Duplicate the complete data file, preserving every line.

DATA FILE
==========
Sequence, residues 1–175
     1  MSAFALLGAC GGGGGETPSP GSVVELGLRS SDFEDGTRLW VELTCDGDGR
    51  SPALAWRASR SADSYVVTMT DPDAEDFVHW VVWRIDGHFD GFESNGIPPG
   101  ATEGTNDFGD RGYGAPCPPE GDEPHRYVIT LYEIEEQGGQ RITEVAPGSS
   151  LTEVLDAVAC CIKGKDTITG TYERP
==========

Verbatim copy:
Sequence, residues 1–175
     1  MSAFALLGAC GGGGGETPSP GSVVELGLRS SDFEDGTRLW VELTCDGDGR
    51  SPALAWRASR SADSYVVTMT DPDAEDFVHW VVWRIDGHFD GFESNGIPPG
   101  ATEGTNDFGD RGYGAPCPPE GDEPHRYVIT LYEIEEQGGQ RITEVAPGSS
   151  LTEVLDAVAC CIKGKDTITG TYERP